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Alfresco recently released some information about its enterprise content management system user base. This study was picked up in several articles including eWeek. It shows a strong Red Hat presence in these Alfresco enterprise deployments and user base.


One of the most interesting tidbits of news was the fact that JBoss Portal had a strong lead in deployments using a Portal with 51% share. Liferay was a distant second at 32% and closed source Portals could only garner 17% share collectively! Looks like another market moving to open source!


I represented Red Hat at the US version of the Accenture conference that Mark Little attended in Europe and blogged about. As Mark described, it was a good conference and basically the same questions and discussion took place. On the vendor panel was IBM, BEA, Red Hat, Microsoft, Sun and Oracle in that seating order. However, there were a couple of notable differences.


For one, while I extolled the importance of vendor-driven standards to solve complex business problems (and reiterated Red Hat's participation in these activities), I also mentioned that I continue to be amazed at how super star developers create a framework such as Hibernate, jBPM, Drools, Spring, or Seam to solve a programming problem in a simple way that ends up being used by large numbers of developers creating a defacto standard. This got a rise out of at least one of the commercial vendors who went on to say something like this after describing their leadership driving standards - "...and these open source communities are proliferating creating way too many frameworks and projects. Like JBoss Seam. Why don't we just fix JSF through the vendor process? Some of these open source projects become defacto standards! I hate to say this, but we need to stifle creativity in the open source community and control these standards so they evolve in a more orderly way...". Wow! I fell out of my chair...and grabbed the mike :-)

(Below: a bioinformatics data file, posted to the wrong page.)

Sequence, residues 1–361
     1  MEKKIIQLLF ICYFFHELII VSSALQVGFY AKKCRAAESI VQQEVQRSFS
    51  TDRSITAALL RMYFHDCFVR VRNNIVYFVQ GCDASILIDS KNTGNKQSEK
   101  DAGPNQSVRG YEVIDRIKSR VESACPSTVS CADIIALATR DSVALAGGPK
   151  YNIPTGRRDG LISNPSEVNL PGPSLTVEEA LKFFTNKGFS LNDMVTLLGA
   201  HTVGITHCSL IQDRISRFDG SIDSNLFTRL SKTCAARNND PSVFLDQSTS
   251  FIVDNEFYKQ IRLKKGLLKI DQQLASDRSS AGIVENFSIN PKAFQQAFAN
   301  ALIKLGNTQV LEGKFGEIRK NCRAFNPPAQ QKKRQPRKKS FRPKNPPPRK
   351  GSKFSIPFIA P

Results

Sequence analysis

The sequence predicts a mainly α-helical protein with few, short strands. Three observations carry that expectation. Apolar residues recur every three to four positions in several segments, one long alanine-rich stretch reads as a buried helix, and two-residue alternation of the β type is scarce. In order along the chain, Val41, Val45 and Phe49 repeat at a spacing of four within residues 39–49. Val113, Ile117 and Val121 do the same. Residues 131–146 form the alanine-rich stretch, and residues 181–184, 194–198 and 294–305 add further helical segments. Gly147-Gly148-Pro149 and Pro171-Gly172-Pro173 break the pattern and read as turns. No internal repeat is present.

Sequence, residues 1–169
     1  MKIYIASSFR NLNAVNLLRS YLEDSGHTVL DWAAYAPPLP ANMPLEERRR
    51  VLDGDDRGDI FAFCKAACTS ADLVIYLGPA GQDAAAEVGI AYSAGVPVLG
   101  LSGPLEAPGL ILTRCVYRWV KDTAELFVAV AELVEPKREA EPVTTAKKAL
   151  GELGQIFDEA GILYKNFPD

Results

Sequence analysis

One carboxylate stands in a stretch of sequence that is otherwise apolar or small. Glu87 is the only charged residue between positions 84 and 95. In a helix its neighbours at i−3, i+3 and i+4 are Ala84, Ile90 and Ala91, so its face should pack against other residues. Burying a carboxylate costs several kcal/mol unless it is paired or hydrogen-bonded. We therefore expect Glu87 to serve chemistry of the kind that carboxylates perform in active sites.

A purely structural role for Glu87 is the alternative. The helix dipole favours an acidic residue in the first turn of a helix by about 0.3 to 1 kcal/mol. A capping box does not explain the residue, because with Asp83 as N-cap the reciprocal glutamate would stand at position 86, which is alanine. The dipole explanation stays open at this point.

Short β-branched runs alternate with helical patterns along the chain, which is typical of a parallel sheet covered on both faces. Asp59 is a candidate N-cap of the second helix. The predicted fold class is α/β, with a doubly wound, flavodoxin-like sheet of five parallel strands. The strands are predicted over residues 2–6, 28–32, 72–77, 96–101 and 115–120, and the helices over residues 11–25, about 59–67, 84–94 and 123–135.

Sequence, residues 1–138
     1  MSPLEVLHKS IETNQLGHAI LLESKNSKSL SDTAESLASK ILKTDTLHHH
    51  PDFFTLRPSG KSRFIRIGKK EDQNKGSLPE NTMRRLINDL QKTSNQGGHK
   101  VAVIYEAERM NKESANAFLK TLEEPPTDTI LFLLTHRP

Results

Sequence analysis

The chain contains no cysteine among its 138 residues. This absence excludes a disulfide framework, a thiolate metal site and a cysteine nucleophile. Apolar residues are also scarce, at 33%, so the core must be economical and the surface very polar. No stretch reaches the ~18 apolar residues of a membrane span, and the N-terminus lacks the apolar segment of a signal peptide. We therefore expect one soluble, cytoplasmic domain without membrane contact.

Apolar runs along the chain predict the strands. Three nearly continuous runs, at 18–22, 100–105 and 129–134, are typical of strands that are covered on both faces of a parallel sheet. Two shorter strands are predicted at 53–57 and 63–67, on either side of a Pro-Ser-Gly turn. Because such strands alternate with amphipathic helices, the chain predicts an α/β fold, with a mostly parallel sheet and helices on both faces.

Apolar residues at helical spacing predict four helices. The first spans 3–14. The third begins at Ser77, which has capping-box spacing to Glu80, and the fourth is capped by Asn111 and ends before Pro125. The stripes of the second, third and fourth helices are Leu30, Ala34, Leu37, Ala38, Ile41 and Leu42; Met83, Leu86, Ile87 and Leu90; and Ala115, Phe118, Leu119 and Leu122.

After answering the question about open source evolution, I went on to say something like..."While the vendor driven standards process is important, that process gave us J2EE entity beans and the open source community gave us Hibernate. I need say nothing further!".


Oh, and how did I answer "How do I see oen source (OSS) evolving"? Basically, OSS is bringing a great deal of energy and creativity solving developer and business computing problems. OSS is expanding the market by making software more affordable and higher quality. As OSS SOA middleware evolves and becomes more feature rich, it is putting pressure on the commercial vendors in the manner described in the "Innovator's Dilemma" where commercial software continues to become more complex and overrshoots more and more of the market with open source taking a greater share over the next decade.


It was a fun panel :-) .




Not long ago, business rules engines were one of the bastions of pure academic computer science with only a niche role in serving business. As applied artificial intelligence, rules engines are the domain of PhD academics and were used in some advanced simulations, etc... No more. With the rise of some of the pioneering vendors and now a leading open source contender, JBoss Rules, rules engines are being embedded in web applications as well as providing services in a service-oriented architecture (SOA) and to business processes automated with business process management (BPM).